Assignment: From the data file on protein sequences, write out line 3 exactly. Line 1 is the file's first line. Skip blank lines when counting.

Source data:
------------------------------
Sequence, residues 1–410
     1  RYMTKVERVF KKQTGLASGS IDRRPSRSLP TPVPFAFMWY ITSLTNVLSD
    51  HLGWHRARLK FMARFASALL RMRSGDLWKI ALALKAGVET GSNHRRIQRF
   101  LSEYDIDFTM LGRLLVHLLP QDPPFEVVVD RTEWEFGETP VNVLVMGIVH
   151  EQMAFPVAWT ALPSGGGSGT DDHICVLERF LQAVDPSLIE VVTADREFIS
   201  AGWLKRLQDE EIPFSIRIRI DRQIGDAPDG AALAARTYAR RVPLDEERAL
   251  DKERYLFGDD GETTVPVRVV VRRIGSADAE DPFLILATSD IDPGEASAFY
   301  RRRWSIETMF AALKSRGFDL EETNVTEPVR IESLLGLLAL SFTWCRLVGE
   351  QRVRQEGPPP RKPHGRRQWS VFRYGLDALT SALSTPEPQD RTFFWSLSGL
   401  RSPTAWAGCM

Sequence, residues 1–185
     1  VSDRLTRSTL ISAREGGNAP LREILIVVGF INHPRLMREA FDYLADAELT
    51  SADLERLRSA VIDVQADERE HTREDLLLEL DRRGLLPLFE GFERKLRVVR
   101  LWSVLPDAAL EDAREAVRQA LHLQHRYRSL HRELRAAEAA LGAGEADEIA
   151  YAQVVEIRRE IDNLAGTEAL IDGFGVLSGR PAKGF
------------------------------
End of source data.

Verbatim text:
    51  HLGWHRARLK FMARFASALL RMRSGDLWKI ALALKAGVET GSNHRRIQRF